Dracula as a psychosexual metaphor - his power to seduce women - is first hinted at in F.W. Murnau's "Nosferatu" (1922) and again in "Dracula" from 1931, starring Bela Lugosi, in which the count cast a hypnotic spell over both Mina and her friend Lucy. By the time of John Badham's overwrought "Dracula" in 1979, starring a dashing Frank Langella as the ultimate lady-killer, the erotic implications of the vampire have been dialed up to near orgiastic proportions. But instead of fainting over the specter of a vampire, Lucy (Kate Nelligan) has become a strong and assertive woman who's a willing participant in her seduction.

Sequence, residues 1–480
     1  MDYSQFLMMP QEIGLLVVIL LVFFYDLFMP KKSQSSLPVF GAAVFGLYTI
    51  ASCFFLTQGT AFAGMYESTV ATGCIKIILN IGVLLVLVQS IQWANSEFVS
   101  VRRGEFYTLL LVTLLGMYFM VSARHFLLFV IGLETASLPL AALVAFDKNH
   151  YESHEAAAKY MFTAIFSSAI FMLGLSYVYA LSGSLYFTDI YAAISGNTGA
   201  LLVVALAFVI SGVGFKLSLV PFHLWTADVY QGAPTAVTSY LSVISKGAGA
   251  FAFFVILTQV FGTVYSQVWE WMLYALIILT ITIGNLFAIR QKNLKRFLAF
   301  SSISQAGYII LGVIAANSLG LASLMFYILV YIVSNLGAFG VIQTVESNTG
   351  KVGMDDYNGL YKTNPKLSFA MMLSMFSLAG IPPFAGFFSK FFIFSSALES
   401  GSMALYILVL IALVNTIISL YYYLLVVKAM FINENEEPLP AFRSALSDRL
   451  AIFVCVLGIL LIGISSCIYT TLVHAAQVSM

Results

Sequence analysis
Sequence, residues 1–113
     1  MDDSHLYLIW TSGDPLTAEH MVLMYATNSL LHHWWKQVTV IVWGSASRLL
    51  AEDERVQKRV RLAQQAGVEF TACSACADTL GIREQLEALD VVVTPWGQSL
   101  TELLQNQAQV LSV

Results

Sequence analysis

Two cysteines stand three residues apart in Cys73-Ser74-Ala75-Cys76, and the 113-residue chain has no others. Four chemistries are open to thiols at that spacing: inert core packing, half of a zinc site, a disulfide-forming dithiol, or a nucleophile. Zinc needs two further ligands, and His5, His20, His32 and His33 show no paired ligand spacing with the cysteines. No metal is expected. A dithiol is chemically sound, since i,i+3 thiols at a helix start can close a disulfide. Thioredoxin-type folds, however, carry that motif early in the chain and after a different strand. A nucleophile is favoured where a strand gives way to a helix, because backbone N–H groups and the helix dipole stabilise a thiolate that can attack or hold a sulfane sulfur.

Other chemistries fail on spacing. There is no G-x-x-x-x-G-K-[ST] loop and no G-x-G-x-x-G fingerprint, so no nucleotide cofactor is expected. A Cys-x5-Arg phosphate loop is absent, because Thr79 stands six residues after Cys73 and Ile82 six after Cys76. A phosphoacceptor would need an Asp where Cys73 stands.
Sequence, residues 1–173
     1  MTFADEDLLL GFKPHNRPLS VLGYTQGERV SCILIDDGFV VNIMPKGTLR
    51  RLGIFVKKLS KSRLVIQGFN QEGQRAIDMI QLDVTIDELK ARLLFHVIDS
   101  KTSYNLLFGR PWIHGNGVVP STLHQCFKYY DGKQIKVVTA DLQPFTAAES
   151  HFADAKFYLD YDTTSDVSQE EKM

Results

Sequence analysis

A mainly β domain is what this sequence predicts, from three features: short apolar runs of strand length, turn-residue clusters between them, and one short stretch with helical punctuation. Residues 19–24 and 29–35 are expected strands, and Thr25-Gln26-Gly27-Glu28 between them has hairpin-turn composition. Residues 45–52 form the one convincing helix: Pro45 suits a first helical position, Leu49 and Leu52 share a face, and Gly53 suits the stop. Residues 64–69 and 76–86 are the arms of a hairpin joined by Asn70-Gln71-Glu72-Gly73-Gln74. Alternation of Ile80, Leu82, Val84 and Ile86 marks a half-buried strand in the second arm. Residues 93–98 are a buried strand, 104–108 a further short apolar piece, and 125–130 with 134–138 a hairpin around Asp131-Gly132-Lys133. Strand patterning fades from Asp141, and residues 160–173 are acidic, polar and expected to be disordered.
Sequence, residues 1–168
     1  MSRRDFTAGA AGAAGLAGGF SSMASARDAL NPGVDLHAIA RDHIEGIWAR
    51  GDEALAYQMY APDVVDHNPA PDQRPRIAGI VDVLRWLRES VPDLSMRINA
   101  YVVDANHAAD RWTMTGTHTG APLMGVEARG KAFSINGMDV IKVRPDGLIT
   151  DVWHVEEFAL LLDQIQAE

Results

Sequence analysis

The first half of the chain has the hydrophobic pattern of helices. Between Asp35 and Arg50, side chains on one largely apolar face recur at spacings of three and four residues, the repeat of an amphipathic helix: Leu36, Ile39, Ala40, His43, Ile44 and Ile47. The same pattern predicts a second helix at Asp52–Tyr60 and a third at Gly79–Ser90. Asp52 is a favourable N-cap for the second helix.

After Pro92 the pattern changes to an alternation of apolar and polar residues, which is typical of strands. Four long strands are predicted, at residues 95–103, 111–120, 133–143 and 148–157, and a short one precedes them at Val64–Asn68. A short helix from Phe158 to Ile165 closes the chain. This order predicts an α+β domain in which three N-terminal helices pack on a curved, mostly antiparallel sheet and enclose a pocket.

—Christopher Wallenberg, Globe Correspondent
Pictured from left: Bela Lugosi and Frances Dade.